The forest is a peculiar organism of unlimited kindness and benevolence that makes no demands for its sustenance and extends generously the products of its life activity; it provides protection to all beings, offering shade even to the axeman who destroys it.
— Gautama Buddha
I’d never come across this one until someone called Upul, from Australia, asked me about it. It certainly strikes me as being fake, on the grounds that the language of “a peculiar organism” isn’t something he would have said. But it may be based on something canonical, or be an amalgamation of commentary and a genuine quotation.
It’s all over the place, once you look for it.
The earliest reference I’ve found to this in print is from 1941, in “Forest soils: origin, properties, relation to vegetation, and silvicultural management” (page 195) by Sergius Alexander Wilde, and published by the Soils Dept., College of Agriculture, University of Wisconsin. Unfortunately no source is given.
There is an odd little teaching about the “unlimited kindness and benevolence” of trees, found in the Dhammika Sutta of the Anguttara Nikaya. This tells the rather long story of a monk called Dhammika who is asked to leave all seven of the monasteries in his native land, on the grounds that he keeps abusing his fellow monks to the extent that he drives them away. Not knowing where to go next, he seeks out the Buddha.
The Buddha tells him a fable about a massive fruit tree with five trunks, called “Well Planted” (suppatiṭṭho). Its canopy spread over twelve leagues, Suppatittho supplies delicious fruit to the king, his armies, to the people of the towns and the countryside, and to wild animals.
There’s a spirit (deva) living inside the tree, and one day the tree-spirit gets angry when a man selfishly takes all the fruit he wants and then breaks of the branch that has fed him. The tree-spirit, in a huff, stops producing fruit. And then the king of the gods, Sakka, sent a storm to uproot Suppatittho.
Naturally the tree-spirit is distraught. Sakka asks him, “Did you stand by your tree’s duty [dhamma/dharma] when the storm came.”
The spirit doesn’t know what this is, so Sakka tells him: “When those who need the tree’s roots, bark, leaves, flowers, or fruit take what they need, yet the deity is not displeased or upset because of this. This is how a tree stands by its duty.”
So the tree-spirit is being taught by Sakka that its duty is to give and to practice forbearance in the face of assaults, without showing anger to its tormentors.
There’s then a similar teaching to Dhammika, who is told that he needs to stand by his duty as an ascetic, which is, “When someone abuses, annoys, or argues with an ascetic, the ascetic doesn’t abuse, annoy, or argue back at them.”
This story could well be paraphrased as “The forest is a peculiar organism of unlimited kindness and benevolence that makes no demands for its sustenance and extends generously the products of its life activity; it provides protection to all beings, offering shade even to the axeman who destroys it.”
But whether there’s a connection, I just don’t know.
There is another lovely image that the Buddha uses in a verse concluding one of his discourses. (The Buddha often taught by means of poetry.)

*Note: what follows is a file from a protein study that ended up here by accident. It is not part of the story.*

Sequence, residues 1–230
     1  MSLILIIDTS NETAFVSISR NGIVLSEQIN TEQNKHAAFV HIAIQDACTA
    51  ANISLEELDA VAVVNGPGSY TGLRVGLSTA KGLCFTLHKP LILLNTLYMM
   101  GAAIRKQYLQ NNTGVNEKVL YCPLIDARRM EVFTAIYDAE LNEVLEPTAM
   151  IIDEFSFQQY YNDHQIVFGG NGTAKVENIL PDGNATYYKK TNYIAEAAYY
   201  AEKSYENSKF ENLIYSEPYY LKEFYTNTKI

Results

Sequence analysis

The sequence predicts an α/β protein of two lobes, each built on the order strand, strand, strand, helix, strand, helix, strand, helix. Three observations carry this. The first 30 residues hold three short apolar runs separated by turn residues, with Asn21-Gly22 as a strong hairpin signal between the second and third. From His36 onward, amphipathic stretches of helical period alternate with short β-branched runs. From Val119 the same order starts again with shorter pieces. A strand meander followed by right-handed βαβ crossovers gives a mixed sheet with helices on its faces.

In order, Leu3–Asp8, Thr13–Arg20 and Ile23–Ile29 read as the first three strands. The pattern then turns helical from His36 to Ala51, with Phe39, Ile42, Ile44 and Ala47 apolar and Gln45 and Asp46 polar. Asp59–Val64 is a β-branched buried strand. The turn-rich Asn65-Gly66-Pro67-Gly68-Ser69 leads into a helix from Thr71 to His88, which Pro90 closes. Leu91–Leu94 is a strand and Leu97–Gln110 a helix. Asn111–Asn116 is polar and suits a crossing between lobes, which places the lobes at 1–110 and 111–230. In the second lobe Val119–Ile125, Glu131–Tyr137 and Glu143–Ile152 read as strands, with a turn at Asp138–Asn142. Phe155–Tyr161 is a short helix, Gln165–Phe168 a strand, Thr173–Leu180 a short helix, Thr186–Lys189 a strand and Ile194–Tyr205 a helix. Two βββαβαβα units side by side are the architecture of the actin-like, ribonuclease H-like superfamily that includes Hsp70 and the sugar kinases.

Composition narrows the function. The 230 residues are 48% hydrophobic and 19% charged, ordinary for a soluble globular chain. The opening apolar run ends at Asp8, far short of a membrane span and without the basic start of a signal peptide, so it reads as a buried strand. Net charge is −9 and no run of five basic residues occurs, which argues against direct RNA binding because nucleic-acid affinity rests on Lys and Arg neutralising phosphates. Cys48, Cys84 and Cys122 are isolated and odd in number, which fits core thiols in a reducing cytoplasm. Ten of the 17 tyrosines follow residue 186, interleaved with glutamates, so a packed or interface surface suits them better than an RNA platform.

With its branches, leaves, and fruit,
a great tree with its strong trunk,
firmly-rooted and fruit-bearing,
supports many birds.
It’s a lovely place,
frequented by the sky-soarers.
Those that need shade go in the shade,
those that need fruit enjoy the fruit.
So too, a faithful individual
is perfect in ethics,
humble and kind,
sweet, friendly, and tender.
Those free of greed, freed of hate,
free of delusion, undefiled,
fields of merit for the world,
associate with such a person.
They teach them the Dhamma,
that dispels all suffering.
Understanding this teaching,
they’re extinguished without defilements.
You can find this verse in the Numbered Discourses. Again it’s not a match for the “peculiar organism” quote in question, but it is a nice example of the Buddha using nature imagery.
By way of a post-script, there’s a rather witty quote by the Buddha where he says, “If these great sal trees could understand what was well said and poorly said, I’d declare them to be stream-enterers.” Out of context, this quote might not seem at all like a joke. In fact you’d be excused for thinking that this was the Buddha talking about the spiritual aptitude of trees.
The context is that Sarakāni, one of the Buddha’s clansmen, had passed away, and the Buddha declared that he was a stream-enterer—meaning that he’d attained a level of spiritual insight that would inevitably lead to full awakening in future lives.
Now the problem was that Sarakāni seemed to have been fond of a tipple, which was very much frowned upon. And so people complained about the Buddha having made this declaration, saying, “It’s incredible, it’s amazing! Who can’t become a stream-enterer these days?”
So the Buddha points out that, despite his flaws, Sarakāni had strongly developed spiritual qualities. And it’s on the basis of those qualities that he’d become a stream-entrant. And so he nods to some nearby trees and says that if they had a deep enough understanding of his teaching then he’d say that even they were stream-entrants. Of course they don’t and can’t have any understanding of the Buddha’s teaching, so he’s not making any claims about the spiritual potential of trees. In fact the joke hinges upon them not having any.